So, when you wake up in the morning, go to the bathroom. Let’s say it’s 7 am. You’ll then void again at 8 am, 9 am, etc. You may need to spread out your drinking over the day, but don’t compromise on your fluid intake – drink what is normal for you on a daily basis. Then, after 5 days, increase the interval by 15 minutes, so now you will be voiding every 1:15. For example, you would void at 7 am, 8:15 am, 9:30 am, 10:45, etc. Again, 5 days later, increase the interval to 1:30 and so on, until you get to a more normal interval. The average person voids between 5-8 times during the day, so that’s somewhere between 2:30 and 3:30 hours between voiding for most people. You may or may not get to an interval of 3:30, but I promise that if you are currently voiding every 45 min, and you can slowly build up to 2:30, this will be an enormous improvement for you. I don’t recommend to my patients that they do any of this bladder retraining at night (ie. after they go to sleep). The general consensus is that if you can take care of this during the day, the night time issues should take care of themselves.

Sure, you may be thinking (and I hear this from my patients all the time), “This sounds fine, but I have a lot of things to do during the day, and I can’t keep staring at my watch, figuring out when I need to urinate the next time.”  I agree – you have a lot more important things to think about than your bladder. That’s why I developed an app called the “BladderTrackHer” with the help of the American Urogynecologic Society and a group called The France Foundation. You can download the app for free from the iTunes store.

We developed this app to assist you with bladder retraining and it actually does a lot more than that!  It can keep an electronic diary for you of your voiding habits and you can e-mail this diary directly to your doctor, if you choose. It not only reminds you when to void as part of the bladder retraining program, but you can set it up to remind you when to do Kegel or other important pelvic exercises and when to take your bladder medication (if your doctor prescribes such medications). It will also provide helpful tips to improve your overactive bladder condition, such as diet and fluid intake modifications.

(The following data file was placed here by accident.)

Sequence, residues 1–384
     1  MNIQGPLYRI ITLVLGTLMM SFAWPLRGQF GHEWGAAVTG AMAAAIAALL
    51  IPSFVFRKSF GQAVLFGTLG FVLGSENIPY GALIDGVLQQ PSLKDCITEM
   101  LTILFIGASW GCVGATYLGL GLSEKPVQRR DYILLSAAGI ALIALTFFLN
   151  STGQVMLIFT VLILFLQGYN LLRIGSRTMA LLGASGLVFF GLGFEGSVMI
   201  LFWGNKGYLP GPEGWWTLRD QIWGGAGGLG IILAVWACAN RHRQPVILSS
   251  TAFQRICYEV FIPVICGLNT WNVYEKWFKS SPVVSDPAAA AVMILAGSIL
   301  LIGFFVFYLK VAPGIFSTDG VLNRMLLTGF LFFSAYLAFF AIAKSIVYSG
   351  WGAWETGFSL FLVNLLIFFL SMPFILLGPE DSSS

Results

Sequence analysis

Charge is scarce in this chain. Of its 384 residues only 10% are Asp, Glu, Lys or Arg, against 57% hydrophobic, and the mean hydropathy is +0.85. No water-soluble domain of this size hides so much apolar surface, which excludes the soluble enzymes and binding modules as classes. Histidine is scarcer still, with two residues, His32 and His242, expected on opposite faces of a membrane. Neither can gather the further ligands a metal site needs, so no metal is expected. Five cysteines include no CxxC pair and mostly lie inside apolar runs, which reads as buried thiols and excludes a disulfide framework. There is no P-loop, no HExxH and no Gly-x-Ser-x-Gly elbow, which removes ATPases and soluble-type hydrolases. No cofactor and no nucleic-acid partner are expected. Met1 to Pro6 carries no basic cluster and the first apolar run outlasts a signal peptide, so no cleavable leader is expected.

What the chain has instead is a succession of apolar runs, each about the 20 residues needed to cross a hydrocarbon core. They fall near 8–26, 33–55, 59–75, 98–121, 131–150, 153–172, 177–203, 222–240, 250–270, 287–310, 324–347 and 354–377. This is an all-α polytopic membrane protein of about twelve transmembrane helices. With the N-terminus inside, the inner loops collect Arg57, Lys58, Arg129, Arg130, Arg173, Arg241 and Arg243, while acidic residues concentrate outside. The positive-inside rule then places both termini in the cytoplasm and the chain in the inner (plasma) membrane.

Remember – bladder retraining is just one of several non-surgical methods that can be used to effectively manage urinary incontinence and overactive bladder. This is certainly something you could start with before seeing a healthcare provider, but it is not a substitute for seeing a physician or other provider with expertise in bladder and pelvic health. If your symptoms do not improve with pelvic muscle exercises, diet modification and bladder retraining, then make an appointment with your doctor or get a referral to a specialist (either a urogynecologist or a urologist that specializes in urinary incontinence) to make sure there is nothing more serious going on, or to consider medications or other treatments that are often used to treat these conditions.  You can also see a pelvic floor physical therapist for additional non-pharmacological and non-surgical care and it can often be helpful to see them in conjunction with a physician specialist.

Finally, there is a lot of great information available through the American Urogynecologic Society (AUGS) on a patient website called OAB (overactive bladder) Central, including a survey, a brief quiz on bladder control, tips on how to make lifestyle changes, and much more.

Peter L. Rosenblatt, MDDr. Rosenblatt specializes in Female Pelvic Medicine and Reconstructive Surgery, including robotic and minimally invasive surgery for incontinence and prolapse, at Mount Auburn Hospital (Cambridge, MA). He completed his residency at the University of Massachusetts Medical School in Worcester, MA and his fellowship at Women and Infant’s Hospital in Providence, RI. He is an Assistant Clinical Professor at Harvard Medical School. Dr. Rosenblatt is Board Certified in Obstetrics & Gynecology by the American Board of Obstetrics & Gynecology.